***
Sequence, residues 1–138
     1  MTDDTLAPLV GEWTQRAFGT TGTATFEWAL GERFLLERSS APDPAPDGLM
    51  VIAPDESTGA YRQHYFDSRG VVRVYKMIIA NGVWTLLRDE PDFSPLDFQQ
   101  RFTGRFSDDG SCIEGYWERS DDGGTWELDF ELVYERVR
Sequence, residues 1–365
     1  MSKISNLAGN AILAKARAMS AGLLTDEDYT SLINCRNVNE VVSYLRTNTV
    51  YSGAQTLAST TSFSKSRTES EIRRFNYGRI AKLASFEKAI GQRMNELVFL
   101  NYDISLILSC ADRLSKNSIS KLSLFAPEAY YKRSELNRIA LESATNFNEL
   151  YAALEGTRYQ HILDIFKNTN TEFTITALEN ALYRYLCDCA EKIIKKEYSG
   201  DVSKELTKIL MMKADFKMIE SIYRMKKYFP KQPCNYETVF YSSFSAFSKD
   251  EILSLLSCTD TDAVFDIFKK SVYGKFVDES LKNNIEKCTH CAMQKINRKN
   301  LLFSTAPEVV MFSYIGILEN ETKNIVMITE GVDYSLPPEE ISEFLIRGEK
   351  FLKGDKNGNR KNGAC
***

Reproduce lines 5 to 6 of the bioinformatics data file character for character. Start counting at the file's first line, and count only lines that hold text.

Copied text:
Sequence, residues 1–365
     1  MSKISNLAGN AILAKARAMS AGLLTDEDYT SLINCRNVNE VVSYLRTNTV